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  • Hello. This is 6 Minute English from

  • BBC Learning English. I'm Neil.

  • And I'm Sam. How are you, Neil?

  • I've been as busy as a bee

  • this week, Sam.

  • Oh, don't you sound like the bee's knees!

  • All right, Sam, there's no need

  • to get a bee in your bonnet!

  • As you can hear, English is full

  • of idioms involving bees.

  • But the sad truth is that bee numbers are

  • declining at an alarming rate and in some

  • places disappearing altogether.

  • And this has serious consequences

  • for humans.

  • Today, one third of the food we eat

  • depends on insects to pollinate crops,

  • fruit and vegetables.

  • But bees are in trouble. In some European

  • countries up to half of all bee species are

  • facing extinction, placing our

  • food supply chain at risk.

  • Bees are vital in pollinating hundreds

  • of crops, from apples and

  • blackberries to cucumbers.

  • In fact, almost all plants need insects to

  • reproduce - which is my quiz question - of

  • the world's top 50 crops, how many

  • rely on insect pollination? Is it:

  • a) 35 out of 50?, b) 40 out of 50?

  • or c) 45 out of 50?

  • I reckon those busy bees pollinate

  • b) 40 out of 50 of the most

  • common crops.

  • OK, Sam, we'll find out the answer later.

  • Now, if you think back

  • to your school biology

  • lessons, you may remember

  • that plants and flowers contain

  • both male and female reproductive

  • parts inside.

  • But what exactly is going on when bees

  • pollinate a plant? Here's Claire Bates

  • from BBC World

  • Service programme People

  • Fixing the World to remind us:

  • What is pollination? All flowering plants

  • need it to reproduce.

  • Pollen is moved from

  • the male part of a flower

  • to the female part of a flower, then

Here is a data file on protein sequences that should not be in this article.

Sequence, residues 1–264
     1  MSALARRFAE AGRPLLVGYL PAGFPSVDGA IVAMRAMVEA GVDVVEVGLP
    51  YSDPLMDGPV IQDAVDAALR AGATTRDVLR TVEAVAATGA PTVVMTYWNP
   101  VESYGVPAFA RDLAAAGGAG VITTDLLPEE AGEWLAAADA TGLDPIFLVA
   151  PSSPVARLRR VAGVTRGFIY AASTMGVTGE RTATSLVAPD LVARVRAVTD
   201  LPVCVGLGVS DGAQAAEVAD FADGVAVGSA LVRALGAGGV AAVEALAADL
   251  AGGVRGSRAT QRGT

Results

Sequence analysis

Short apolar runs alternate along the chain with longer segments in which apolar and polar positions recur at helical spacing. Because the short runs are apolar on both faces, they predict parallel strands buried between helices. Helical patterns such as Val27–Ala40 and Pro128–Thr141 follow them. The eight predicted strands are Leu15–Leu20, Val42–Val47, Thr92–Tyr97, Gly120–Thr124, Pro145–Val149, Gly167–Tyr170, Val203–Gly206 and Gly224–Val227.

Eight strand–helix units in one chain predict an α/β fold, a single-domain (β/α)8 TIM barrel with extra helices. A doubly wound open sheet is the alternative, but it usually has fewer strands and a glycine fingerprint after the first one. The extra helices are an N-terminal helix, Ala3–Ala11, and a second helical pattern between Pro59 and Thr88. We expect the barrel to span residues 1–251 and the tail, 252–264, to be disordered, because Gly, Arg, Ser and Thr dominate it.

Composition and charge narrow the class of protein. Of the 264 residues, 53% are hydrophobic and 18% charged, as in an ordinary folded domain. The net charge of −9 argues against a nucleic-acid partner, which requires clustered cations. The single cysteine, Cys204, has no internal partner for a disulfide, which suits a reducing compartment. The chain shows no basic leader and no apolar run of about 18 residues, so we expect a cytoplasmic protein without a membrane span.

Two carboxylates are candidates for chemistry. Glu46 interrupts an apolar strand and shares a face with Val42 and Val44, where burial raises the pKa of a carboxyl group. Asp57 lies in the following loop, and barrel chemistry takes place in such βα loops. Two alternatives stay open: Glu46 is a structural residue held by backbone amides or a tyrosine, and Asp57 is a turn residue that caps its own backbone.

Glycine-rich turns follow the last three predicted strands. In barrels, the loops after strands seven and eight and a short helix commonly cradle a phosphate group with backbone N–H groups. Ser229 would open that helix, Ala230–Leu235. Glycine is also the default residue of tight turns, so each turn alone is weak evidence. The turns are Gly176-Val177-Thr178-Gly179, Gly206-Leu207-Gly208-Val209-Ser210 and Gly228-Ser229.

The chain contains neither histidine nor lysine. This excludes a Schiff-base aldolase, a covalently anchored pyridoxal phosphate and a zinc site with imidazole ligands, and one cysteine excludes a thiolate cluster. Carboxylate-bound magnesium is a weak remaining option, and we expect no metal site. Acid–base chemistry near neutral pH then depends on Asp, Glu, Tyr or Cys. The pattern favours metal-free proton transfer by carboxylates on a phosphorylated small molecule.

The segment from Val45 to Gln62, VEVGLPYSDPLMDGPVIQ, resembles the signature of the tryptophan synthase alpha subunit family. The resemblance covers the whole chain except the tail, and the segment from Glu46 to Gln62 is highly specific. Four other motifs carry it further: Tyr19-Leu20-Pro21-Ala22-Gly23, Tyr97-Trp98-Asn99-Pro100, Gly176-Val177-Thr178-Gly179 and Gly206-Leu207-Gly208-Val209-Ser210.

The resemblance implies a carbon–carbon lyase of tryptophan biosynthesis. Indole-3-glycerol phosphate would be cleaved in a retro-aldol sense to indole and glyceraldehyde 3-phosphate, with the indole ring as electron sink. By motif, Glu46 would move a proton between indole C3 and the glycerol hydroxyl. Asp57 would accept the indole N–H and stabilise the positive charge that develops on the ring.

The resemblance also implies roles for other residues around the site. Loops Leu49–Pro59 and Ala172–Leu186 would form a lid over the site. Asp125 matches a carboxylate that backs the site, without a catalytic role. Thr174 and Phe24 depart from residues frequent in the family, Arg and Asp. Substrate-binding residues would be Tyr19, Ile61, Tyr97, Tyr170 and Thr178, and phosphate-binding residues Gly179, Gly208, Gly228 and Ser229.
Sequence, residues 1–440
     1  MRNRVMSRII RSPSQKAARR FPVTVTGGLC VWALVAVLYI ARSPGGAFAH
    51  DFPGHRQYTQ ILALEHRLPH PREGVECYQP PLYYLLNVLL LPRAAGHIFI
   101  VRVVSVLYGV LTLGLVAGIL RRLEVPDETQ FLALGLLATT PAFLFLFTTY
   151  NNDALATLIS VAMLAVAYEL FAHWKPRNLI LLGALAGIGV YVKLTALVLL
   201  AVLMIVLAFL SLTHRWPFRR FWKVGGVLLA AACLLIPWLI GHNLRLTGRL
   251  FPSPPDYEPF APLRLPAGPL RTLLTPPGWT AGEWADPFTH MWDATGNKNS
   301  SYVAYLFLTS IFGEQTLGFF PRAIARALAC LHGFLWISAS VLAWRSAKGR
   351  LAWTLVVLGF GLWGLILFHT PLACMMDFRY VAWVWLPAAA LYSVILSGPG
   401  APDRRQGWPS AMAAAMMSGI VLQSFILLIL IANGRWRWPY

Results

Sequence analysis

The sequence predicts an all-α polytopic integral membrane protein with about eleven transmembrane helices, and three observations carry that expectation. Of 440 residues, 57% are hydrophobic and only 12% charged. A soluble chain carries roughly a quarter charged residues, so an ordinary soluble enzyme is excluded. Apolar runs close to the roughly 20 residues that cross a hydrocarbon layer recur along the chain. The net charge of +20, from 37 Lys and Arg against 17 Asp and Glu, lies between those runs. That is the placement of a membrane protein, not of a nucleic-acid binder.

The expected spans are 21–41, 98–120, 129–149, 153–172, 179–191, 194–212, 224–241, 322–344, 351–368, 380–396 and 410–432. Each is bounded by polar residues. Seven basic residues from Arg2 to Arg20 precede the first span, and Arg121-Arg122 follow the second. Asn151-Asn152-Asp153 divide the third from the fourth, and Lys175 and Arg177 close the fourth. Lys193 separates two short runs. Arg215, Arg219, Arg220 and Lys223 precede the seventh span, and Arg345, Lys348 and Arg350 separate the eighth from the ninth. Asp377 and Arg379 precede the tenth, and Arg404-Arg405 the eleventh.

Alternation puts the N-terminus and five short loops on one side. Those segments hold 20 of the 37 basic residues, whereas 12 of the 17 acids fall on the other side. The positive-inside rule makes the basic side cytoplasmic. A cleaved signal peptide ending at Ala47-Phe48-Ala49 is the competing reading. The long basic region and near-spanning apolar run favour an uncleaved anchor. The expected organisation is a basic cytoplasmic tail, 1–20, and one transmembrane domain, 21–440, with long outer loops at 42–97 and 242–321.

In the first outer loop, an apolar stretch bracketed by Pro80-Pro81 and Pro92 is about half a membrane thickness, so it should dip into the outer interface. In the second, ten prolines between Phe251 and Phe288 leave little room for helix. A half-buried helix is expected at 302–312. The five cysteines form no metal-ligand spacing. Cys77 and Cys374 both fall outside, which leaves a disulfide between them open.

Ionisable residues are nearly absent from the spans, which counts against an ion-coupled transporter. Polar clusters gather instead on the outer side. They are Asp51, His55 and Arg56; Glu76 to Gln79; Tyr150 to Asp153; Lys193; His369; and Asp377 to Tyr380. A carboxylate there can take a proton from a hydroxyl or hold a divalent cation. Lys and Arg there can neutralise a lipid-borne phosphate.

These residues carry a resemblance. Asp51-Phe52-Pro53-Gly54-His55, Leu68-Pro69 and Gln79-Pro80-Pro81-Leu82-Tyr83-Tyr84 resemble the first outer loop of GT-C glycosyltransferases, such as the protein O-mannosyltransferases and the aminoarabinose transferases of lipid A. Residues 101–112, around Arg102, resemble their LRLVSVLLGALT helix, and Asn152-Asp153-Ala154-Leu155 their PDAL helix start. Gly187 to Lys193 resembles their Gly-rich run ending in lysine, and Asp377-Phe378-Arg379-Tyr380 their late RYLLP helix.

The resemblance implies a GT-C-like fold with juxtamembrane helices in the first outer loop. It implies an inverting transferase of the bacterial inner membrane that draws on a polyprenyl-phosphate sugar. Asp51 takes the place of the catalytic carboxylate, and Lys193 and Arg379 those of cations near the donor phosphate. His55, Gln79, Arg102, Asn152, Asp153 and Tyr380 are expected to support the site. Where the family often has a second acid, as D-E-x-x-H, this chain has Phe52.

• fertilisation can happen

  • causing fruit to grow. Some staple crops

  • such as wheat, rice and

  • corn are pollinated by

  • the wind however many plants

  • don't release their pollen easily

  • and this is where insects,

  • and especially bees, come in.

  • As they collect nectar to eat,

  • pollen sticks to them and they

  • carry it from flower to flower.

  • Pollination is the process in which pollen

  • is taken from one plant to another so that

  • it can reproduce. This is the important

  • work done by bees and insects.

  • Only after pollination can the next

  • process occur - fertilisation - when

  • the pollen carried

  • from another plant fertilises

  • a female ovule to make new seeds.

  • Fertilisation occurs in all flowering plants,

  • some of which like wheat,

  • potatoes and rice

  • are staple crops - food that is eaten

  • in large amounts as part

  • of a community's daily diet

  • and provides a large fraction of their

  • energy and nutrient needs.

  • Fewer bees reduces pollination levels,

  • meaning fewer new seeds

  • are created and fewer crops

  • grown.

  • But it isn't just the decline in bee numbers